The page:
Getting Started With AI

Getting Started With AI

Simple ways a chief surgeon’s team uses artificial intelligence today to prepare for the future.

Future applications of artificial intelligence (AI) in health care are vast. From predictive analytics to personalized medicine, AI has the potential to revolutionize the way health care is delivered. As leaders, it’s essential to prepare the environment and our staff for the innovation to come, starting with what is already available. Here are a few simple ways my team and I are using AI now.

Practicing with chatbots

Much of AI is driven by large language models like ChatGPT that are accessible to everyone. To help teams become adept with this kind of AI, leaders can regularly assign small tasks and projects. Nothing beats hands-on experience. For example, using ChatGPT, my staff has created novel recipes and shopping lists; generated an outline for a congratulatory letter to a colleague; and brainstormed potential ChatGPT uses for supporting faculty at the Vanderbilt School of Medicine.

The key to using ChatGPT is iterating — in other words, asking for clarifications or more ideas. When I tasked my administrative staff to brainstorm ideas for faculty support, they initially came up with over 20 ideas. I then asked them to repeat the exercises with ChatGPT and see if any more ideas emerged. Then I said do it again. With each iteration, staff grew more skilled at using the chatbot, and the ideas got better. Now they apply that skill to all kinds of administrative functions.

Learning the landscape

I also keep my team educated on the latest advancements in AI technologies. Platforms like Coursera, Udemy, and edX offer courses tailored for professionals with varying degrees of familiarity with the subject. Initiatives like online prompt engineering classes for certification are crucial to building a tech-savvy team open to AI technologies. I often send articles on AI’s latest advancements and applications in health care and administration or even controversies to discuss during staff meetings. As leaders in children’s health, we will need to be prepared to work with policymakers to ensure that AI is integrated in a way that maximizes its potential while minimizing risks and inequities.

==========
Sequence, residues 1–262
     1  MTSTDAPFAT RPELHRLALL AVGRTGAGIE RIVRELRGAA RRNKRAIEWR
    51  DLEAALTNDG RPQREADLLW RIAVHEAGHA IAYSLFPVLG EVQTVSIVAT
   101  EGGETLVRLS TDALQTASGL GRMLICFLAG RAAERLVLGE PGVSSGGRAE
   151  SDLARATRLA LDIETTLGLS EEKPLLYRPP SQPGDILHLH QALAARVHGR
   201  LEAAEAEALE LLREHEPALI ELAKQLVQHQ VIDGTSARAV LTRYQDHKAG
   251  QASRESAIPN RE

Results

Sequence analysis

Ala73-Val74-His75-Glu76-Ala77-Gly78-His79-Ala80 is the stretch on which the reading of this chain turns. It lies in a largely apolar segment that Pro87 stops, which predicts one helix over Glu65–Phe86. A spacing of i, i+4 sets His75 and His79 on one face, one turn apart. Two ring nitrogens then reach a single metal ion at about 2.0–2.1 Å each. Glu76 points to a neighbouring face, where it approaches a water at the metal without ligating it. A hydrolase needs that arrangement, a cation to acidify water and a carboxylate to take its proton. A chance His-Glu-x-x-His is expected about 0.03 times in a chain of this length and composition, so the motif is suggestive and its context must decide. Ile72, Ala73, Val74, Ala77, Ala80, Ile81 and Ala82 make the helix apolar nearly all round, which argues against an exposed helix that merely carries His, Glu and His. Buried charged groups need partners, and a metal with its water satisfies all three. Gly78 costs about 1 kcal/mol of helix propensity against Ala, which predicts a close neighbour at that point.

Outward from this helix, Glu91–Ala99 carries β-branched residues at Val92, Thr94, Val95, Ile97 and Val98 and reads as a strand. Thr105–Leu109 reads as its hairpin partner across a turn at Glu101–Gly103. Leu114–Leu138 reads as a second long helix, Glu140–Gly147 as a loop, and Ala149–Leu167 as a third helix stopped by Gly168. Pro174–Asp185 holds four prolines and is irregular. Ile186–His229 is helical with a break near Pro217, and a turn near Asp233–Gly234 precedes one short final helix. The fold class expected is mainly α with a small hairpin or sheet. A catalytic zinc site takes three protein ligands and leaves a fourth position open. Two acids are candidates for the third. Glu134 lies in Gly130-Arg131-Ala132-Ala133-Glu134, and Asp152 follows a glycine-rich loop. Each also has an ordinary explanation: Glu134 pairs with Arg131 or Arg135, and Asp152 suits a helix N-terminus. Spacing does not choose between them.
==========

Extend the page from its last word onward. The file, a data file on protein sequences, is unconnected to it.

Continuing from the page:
Starting now with administration

In many areas, the future is already here. AI is incredibly helpful in reducing the amount of time and effort required for electronic health care documentation and other administrative tasks, such as scheduling, billing, communication, and documentation. This frees up time for executives and managers to focus on higher-level leadership tasks and for the health care team to focus on providing high-quality care to their patients.

Read next: A New Machine-Learning Tool Reduces Deterioration in Patients

For instance, with our approved internal chatbot, I created HIPAA-compliant electronic medical record smart phrases for clinic notes and templated operative notes. In non-clinical communications, I use chatbots to write outlines or first drafts, making writer’s block a thing of the past. Our administrative team uses an AI presentation app that takes text and creates presentations or handouts in less than a minute, which is useful for generating handouts during a time crunch.

In so many ways, artificial intelligence will have a significant impact on the future of surgery and health care in general, making it more efficient and effective for everyone involved. But first, we must prepare to make the most of it.

Written By:
Jeffrey Upperman, MD, FACS
Surgeon-In-Chief, Monroe Carell Jr. Children’s Hospital at Vanderbilt; Chair of Pediatric Surgery, Vanderbilt School of Medicine

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